I don't know if I am "improving" with the soft pastels or not, but I AM relaxing and having more fun.
Today I was careful not to just use my index finger for blending so my pointer isn't painful. AND I wore finger cots on all the fingers of my right hand,so my nails don't look like I've been homeless for a month.
The instructor commented, "It's all about the barn."
Or possibly the colors. I find it interesting that when you really overwhelm the frame with a simple shape, it DOES take over. I may have to mess with the grass some more, as it looks awfully "regular." Have you ever seen a yellow barn in real life?Last post you saw the sheets to which I applied coarse pumice gesso. I colored it a deep gray-purple and then surprised it with this bright barn. I really like the rough look and how the colors over lay each other. said they were probably clinging to the paper for dear life. 9x12
This anatomically incorrect crow is definitely a work-in-progress. This paper was gessoed with the coarse pumice, too... but with a larger ratio of plain gesso. It was much easier to slather on.
Nevertheless, I have NO idea where his legs belong! Will do research and then wee about rearranging his/her center of gravity! Being an artist is a wee bit like playing God sometimes. You can create something and then change it, and then sometimes it takes off on its own. This fellow isn't going anywhere yet.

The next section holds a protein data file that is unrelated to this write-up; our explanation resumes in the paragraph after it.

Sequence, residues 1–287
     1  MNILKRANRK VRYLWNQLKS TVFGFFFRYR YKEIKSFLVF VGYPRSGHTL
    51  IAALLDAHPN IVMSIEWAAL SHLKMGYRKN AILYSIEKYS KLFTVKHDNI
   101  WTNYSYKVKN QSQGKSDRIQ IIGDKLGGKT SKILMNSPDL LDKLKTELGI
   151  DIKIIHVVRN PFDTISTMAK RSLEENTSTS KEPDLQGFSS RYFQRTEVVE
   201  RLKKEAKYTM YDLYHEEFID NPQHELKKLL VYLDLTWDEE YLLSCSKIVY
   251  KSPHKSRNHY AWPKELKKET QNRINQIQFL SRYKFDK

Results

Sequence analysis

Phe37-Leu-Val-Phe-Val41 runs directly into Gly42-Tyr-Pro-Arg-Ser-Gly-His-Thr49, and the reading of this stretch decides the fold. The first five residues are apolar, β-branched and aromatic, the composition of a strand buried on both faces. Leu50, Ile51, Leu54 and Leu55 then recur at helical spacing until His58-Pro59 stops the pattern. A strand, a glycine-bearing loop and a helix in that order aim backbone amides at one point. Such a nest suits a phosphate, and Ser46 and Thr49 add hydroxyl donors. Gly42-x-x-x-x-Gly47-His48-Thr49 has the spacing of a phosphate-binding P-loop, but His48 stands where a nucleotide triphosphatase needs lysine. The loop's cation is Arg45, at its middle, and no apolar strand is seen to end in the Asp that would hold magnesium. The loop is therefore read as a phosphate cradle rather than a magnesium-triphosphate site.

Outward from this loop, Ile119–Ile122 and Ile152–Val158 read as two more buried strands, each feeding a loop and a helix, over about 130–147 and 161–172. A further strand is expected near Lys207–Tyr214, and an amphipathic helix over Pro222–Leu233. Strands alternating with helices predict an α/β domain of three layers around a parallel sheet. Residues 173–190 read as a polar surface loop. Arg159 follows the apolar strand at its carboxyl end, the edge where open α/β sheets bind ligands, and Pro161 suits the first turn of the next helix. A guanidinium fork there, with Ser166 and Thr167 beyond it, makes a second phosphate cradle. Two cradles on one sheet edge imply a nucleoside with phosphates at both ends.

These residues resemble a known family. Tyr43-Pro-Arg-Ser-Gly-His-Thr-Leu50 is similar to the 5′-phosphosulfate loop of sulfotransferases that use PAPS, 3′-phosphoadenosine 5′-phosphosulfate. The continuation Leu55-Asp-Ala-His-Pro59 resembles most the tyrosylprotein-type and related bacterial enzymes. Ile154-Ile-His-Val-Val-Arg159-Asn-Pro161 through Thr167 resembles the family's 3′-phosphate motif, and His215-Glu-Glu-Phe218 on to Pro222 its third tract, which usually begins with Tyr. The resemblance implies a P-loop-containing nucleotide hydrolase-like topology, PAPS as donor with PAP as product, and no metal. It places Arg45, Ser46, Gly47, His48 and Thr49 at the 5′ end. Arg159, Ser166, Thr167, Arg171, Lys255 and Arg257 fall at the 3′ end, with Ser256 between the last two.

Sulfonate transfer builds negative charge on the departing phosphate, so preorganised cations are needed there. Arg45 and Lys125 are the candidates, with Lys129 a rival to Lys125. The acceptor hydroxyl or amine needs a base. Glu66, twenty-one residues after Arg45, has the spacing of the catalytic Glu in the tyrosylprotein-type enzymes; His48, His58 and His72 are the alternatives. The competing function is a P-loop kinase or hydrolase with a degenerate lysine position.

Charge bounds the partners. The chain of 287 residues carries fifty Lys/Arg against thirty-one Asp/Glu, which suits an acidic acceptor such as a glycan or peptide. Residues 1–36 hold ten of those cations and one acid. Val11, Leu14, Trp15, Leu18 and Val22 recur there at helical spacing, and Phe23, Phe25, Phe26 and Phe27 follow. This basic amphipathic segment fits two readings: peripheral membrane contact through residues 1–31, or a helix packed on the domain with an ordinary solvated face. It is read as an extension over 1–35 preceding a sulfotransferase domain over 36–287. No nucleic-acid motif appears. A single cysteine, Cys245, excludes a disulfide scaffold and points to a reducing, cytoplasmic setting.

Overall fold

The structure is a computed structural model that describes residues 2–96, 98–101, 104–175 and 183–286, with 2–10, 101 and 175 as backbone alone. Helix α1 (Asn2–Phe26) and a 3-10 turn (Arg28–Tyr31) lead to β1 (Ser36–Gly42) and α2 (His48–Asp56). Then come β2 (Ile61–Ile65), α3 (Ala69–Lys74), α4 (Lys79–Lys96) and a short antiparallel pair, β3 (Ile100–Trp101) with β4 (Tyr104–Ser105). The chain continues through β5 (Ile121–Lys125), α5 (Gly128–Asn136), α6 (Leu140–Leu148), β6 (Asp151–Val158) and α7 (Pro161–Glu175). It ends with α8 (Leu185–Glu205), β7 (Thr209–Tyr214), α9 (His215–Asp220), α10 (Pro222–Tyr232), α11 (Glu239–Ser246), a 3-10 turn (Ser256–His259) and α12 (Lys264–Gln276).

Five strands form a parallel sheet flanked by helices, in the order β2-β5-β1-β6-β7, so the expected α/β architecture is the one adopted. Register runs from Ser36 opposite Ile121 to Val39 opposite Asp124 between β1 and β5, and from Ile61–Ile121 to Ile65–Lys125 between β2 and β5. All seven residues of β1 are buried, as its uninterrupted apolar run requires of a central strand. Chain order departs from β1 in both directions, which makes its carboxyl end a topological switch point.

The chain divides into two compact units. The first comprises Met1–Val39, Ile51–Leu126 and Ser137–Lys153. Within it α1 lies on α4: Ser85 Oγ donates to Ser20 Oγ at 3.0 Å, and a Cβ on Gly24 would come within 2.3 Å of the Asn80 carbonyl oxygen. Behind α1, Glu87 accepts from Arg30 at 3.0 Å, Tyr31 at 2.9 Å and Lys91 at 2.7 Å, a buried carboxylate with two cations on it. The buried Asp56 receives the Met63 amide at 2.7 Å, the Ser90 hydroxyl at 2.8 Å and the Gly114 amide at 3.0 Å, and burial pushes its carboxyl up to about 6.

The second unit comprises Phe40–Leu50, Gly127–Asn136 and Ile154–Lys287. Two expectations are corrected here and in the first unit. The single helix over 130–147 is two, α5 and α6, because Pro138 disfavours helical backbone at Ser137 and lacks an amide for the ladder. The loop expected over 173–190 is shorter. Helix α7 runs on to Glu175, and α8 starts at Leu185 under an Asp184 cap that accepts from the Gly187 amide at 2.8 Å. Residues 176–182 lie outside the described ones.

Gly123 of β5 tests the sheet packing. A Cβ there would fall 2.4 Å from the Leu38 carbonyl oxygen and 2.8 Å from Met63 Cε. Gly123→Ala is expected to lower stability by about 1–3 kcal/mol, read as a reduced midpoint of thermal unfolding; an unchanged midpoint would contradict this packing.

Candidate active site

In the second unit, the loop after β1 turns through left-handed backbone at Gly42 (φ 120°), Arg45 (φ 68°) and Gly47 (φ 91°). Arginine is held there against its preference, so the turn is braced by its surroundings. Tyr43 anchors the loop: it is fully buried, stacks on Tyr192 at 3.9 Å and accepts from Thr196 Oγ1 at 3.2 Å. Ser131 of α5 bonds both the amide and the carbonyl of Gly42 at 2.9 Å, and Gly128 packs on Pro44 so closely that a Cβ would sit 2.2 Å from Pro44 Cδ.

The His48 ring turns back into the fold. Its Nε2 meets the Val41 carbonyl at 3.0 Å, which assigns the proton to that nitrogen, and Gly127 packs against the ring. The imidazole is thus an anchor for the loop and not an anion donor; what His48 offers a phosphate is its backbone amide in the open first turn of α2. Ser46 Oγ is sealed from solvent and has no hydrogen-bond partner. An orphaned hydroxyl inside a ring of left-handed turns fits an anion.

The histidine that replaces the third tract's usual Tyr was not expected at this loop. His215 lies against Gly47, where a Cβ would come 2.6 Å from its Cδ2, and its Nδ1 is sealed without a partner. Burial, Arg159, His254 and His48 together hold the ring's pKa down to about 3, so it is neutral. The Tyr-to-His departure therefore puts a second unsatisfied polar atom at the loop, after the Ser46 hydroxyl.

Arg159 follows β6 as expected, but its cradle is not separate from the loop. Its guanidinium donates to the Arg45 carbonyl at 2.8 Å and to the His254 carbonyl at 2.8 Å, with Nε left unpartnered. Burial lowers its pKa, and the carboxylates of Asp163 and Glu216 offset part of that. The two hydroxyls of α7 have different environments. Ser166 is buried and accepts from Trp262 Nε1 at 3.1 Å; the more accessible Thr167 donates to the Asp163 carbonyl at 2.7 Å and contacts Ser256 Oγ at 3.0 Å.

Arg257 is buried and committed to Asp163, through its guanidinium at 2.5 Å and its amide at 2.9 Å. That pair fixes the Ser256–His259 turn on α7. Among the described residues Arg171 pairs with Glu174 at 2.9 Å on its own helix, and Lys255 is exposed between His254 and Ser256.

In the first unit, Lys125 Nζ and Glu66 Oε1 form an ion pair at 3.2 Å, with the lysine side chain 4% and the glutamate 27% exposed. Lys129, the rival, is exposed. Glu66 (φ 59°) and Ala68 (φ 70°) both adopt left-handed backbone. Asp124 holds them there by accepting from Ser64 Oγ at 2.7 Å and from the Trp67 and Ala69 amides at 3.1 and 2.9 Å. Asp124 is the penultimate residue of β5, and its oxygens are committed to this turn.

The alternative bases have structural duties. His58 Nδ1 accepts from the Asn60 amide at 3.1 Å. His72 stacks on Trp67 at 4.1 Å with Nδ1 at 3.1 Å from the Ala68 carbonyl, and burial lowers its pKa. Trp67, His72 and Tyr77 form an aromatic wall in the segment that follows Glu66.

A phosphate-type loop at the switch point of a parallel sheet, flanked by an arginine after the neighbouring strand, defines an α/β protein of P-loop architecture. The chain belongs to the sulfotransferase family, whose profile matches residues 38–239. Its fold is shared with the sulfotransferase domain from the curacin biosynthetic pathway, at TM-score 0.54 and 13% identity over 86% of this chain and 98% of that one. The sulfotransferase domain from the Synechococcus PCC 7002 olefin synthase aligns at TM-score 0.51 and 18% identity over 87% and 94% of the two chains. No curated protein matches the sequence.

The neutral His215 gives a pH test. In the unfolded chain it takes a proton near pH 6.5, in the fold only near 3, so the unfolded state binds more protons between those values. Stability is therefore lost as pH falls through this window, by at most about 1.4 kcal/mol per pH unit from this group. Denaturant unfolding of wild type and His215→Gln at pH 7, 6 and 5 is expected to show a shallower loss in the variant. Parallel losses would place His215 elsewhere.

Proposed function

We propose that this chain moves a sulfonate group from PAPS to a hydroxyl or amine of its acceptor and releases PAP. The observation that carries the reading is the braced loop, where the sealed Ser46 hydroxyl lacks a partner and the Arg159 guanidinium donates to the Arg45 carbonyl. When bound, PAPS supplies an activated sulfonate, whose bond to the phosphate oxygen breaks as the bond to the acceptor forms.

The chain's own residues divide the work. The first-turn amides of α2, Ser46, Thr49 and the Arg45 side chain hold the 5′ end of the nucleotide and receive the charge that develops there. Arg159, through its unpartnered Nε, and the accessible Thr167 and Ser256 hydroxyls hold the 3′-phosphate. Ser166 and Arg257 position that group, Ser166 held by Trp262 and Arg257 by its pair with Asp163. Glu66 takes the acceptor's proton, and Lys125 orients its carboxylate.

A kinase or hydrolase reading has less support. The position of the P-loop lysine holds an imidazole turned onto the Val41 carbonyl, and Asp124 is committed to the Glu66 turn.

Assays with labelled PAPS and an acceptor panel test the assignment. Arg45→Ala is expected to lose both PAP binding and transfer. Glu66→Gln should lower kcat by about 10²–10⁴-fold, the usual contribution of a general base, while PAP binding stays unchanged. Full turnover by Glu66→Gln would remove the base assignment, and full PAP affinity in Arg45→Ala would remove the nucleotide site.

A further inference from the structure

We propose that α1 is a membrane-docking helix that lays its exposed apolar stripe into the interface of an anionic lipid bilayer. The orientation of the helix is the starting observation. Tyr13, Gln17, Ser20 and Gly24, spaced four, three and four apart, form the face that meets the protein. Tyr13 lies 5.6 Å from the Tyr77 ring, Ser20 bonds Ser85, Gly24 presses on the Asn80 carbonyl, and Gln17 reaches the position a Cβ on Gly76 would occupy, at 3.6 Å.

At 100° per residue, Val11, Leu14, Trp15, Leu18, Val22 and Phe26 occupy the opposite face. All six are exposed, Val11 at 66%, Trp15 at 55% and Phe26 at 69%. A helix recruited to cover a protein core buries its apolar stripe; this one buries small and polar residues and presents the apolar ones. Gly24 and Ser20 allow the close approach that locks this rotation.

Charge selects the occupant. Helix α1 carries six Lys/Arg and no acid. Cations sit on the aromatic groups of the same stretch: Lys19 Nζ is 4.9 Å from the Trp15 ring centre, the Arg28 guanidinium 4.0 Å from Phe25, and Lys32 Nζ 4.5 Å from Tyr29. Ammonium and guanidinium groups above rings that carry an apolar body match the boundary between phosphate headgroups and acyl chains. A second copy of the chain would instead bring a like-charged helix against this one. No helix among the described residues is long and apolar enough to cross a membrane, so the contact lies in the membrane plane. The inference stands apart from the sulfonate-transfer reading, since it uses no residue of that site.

The class is beginning to get to know each other better. This woman, whose pieces are SO dreamy/misty/foggy and soft was telling us about all the places she had lived during her THIRTY years teaching math and physics in the Middle East. Cairo, Beirut, and many places that seemed very exotic. Turns out that another student's husband was raised in that part of the world because his dad taught in ARAMCO schools. That student only visited and apparently felt out of step much of the time.
The instructor and I thought that Oslo would be exotic enough for us.
And it turns out that another student in the class is also a psychologist/psychotherapist. She trained in expressive art therapy, but realized that she had to go back to school for a more robust credential. As usual, some classmates thought they were doomed having therapists in the class. I tried to reassure them that THERAPISTS DON'T JUDGE, but my colleague just laughed and said, "Right! Like we're not human."
We did agree that we don't judge in public.
The instructor's building is getting more solid. Although we agreed that structurally, there's some unlikely stuff going on.